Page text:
Supplements Used to Prevent or Treat Nutrient Deficiencies
Often times dietary habits address macronutrient ratios but are less considerate of micronutriton. “A frank deficiency of one or more of these nutrients may lead to a measurable impairment of sports performance, either directly or by reducing the athlete’s ability to train effectively (e.g., iron deficiency anemia) or to stay free from illness or injury (e.g., impact of vitamin D deficiency on bone health).” When a suboptimal nutritional status is confirmed, clinicians may prescribe a supplement to help reverse this or at the very least less the effects from deficiencies. See Table 1 for common deficiencies often combatted with supplement usage.
The IOC paper did an excellent job differentiating between supplement that directly and indirectly enhance performance. Below are a series of tables that summarize each.
It is not unknown that excessive consumption of certain ingredients may show adverse effects.”Poor practices by athletes include the indiscriminate mixing and matching of many products without regard to total doses of some ingredients or problematic interactions between ingredients. Even commonly-used products may have negative side effects, especially when used outside the optimal protocol.”
“According to the Dietary Supplements Health and Education Act 1994 (DSHEA) passed by US Congress, nutritional supplements sold in the United States that do not claim to diagnose, prevent, or cure disease are not subject to regulation by the Food and Drug Administration (FDA).” Therefore, the supplement market is effectively unregulated. “This means that there is no requirement to prove claimed benefits, no requirement to show safety with acute or chronic administration, no quality assurance of content, and no liberal labeling requirements.”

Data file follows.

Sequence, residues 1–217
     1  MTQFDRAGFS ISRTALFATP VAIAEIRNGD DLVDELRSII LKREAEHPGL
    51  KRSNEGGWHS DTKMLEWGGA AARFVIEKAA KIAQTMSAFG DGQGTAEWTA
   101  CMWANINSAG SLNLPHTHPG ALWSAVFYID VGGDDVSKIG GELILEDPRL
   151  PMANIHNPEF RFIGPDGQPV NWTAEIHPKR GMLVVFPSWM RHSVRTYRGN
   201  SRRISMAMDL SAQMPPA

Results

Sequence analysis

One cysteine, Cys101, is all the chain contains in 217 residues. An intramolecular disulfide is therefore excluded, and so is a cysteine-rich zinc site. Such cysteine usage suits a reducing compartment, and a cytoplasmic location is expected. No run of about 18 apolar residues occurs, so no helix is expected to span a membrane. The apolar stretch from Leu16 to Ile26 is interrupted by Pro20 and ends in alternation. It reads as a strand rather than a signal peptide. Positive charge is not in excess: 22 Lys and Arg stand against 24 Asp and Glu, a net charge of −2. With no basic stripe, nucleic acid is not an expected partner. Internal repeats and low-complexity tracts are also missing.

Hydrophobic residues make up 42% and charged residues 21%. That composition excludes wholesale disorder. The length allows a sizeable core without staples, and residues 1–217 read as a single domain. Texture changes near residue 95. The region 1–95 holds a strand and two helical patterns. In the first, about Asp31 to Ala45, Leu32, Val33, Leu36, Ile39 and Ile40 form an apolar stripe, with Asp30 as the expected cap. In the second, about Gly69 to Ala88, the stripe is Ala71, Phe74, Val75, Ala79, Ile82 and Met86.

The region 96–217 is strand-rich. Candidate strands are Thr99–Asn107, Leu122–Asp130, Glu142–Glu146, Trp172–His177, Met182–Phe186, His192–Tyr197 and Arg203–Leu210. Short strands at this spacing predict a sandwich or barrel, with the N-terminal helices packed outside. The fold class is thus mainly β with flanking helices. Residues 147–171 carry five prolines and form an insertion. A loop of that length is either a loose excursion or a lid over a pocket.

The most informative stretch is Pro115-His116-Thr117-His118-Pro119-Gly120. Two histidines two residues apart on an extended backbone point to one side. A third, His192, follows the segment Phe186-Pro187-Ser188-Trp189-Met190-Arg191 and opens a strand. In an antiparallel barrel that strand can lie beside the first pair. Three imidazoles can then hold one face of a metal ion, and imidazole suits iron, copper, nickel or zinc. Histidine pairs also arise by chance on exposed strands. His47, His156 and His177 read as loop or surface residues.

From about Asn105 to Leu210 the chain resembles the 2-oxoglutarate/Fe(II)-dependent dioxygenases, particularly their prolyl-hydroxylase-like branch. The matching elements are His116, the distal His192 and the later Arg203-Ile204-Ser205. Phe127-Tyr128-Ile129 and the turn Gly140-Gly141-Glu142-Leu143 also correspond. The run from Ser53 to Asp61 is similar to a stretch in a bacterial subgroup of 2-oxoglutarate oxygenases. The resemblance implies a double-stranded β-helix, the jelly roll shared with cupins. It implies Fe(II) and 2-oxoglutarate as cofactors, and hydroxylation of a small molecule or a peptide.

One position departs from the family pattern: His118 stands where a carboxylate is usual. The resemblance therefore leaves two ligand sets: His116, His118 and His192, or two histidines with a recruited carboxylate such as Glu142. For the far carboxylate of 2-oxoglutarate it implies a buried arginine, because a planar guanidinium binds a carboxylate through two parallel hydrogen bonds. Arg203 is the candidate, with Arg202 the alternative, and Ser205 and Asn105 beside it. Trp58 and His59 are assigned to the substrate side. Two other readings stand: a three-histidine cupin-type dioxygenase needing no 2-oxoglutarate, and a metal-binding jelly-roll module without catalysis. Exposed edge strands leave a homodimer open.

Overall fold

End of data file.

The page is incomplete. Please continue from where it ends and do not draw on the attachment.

For athletes that are being tested under WADA (World Anti-Doping Agencey), a great concern is consuming illegal ingredients unknowingly, that were not identified in a supplement. There has been numerous reports of supplement contamination that has resulted in athlete suspension; even if consumed unknowingly. “It is difficult to gain a perspective of the true prevalence of supplement contamination. Although the original study reported that ∼15% of more than 600 products acquired from around the world contained undeclared prohormones (Geyer et al., 2004), this and other investigations rarely include a truly random sample of the supplements and sports foods used by athletes. Some individual products or categories of products can be considered inherently more at risk of contamination due to the country of origin, the manufacturer, the type of product, and the range of declared ingredients” (found here).
There are no guarantees that any supplement is safe or pure to what it is claimed to be. Currently, independent third party auditing is being done and certain manufacturing countries as being identified as lower- vs higher-risk for false reporting/contamination.
Practical Implications and Decision Tree
When deciding to take a supplement, reliable information should be gathered to further understand the potential health/performance costs and rewards that may ensue. It is best to consult a clinician who works specifically with athletes. It is also important to know that a certain level of trial and error may be necessary to create the ideal protocol for the individual athlete and their unique situation.
Supplements comprise a small, yet noticeable, piece of the puzzle for an athletes nutritional plan. “Some supplements, when used appropriately, may help athletes to meet sports nutrition goals, train hard, and stay healthy and injury free. A few supplements can directly enhance competition performance.” A thorough cost-benefit analysis should be done for each supplement an athlete may consume. It is recommended to consult an experienced clinician during this process.